As long as there has been a Los Angeles rock scene, there has been the Whisky a Go Go club. And as long as there has been the Whisky, there has been Mario. As co-founder of the Whisky and nicknamed "The Godfather of the L.A. Rock Scene," Mario is such a part of L.A.'s musical history that no one ever calls him by anything other than his first name. This month Mario turns seventy-five, but don't think that he's planning on slowing down. "Retirement is for old people," he says. "I'm only seventy-five. My aunt died at 105. I figure I got at least another 25 more to go."
On Saturday (Jan. 16), the Whisky hosted an all-star party in honor of Mario's birthday, and to begin a weeklong celebration of the Whisky a Go Go's thirty-fifth anniversary. Kicking off the evening with his blend of rockin' soul, Johnny Rivers burned through a set that included "Secret Agent Man" and "Memphis," the Chuck Berry song from Rivers' album Live at the Whisky a Go Go that became his first hit in 1964. Rivers' smooth and soulful set would be a tough act for anyone to follow, let alone Nancy Sinatra. Fortunately, she brought a top-notch band (including studio session veterans Hal Blaine on drums and Don Randi on keyboards) that made even her silly renditions of "Like a Rolling Stone" and "Born to be Wild" sound good.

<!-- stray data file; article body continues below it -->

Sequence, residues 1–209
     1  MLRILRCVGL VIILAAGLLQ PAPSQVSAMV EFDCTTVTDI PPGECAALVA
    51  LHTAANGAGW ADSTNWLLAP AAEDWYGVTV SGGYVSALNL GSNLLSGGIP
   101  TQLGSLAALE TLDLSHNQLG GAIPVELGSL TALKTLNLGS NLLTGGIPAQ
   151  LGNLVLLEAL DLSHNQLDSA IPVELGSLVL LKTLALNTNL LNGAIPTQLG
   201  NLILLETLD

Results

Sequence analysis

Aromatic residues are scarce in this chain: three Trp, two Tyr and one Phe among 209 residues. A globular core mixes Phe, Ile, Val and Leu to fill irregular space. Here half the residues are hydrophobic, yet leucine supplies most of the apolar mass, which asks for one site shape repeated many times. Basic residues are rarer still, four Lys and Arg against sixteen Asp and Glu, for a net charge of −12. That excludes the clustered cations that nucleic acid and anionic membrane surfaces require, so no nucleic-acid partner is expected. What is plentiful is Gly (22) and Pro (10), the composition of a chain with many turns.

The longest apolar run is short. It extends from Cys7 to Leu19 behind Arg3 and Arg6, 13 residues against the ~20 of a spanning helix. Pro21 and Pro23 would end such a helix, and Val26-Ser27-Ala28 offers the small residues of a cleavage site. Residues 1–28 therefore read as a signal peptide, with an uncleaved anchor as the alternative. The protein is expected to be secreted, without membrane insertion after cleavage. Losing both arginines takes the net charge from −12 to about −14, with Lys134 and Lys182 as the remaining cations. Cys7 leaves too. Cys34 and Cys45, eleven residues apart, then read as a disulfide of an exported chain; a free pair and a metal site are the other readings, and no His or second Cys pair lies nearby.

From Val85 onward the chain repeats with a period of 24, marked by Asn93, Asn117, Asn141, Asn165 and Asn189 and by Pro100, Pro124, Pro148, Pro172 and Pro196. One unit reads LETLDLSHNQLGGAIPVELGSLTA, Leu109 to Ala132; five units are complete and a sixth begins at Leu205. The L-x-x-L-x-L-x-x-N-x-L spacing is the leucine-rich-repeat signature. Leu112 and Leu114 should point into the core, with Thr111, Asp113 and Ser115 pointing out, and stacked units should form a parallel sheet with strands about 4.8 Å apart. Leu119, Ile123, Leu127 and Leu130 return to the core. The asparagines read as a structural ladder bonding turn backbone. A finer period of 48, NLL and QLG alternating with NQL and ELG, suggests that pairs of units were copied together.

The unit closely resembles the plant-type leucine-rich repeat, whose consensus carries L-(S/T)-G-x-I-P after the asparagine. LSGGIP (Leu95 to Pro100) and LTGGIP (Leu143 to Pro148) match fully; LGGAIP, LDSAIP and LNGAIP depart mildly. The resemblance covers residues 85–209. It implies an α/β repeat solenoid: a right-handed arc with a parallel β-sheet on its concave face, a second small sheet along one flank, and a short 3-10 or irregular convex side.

Robby Krieger showed off his deft guitar skills on some Doors tunes, as well as a jazzy instrumental piece, backed by a youthful band that included Krieger's son Waylon on rhythm guitar. Doors drummer John Densmore joined them to close the segment with "Love Me Two Times" and "Light My Fire."
The Grass Roots were joined by Phil "Fang" Volk
and Drake Levin of Paul Revere and the Raiders
(who took the stage in full revolutionary regalia) to bring the
night to a fine close with songs from both bands, including a
spirited performance of the Raiders' "Kicks."
All evening, Mario, surrounded by his family and friends, beamed with pride. Retirement? Forget it. "I'm gonna stay here," he says, "and I'm gonna rock & roll 'til I'm gone" . . .
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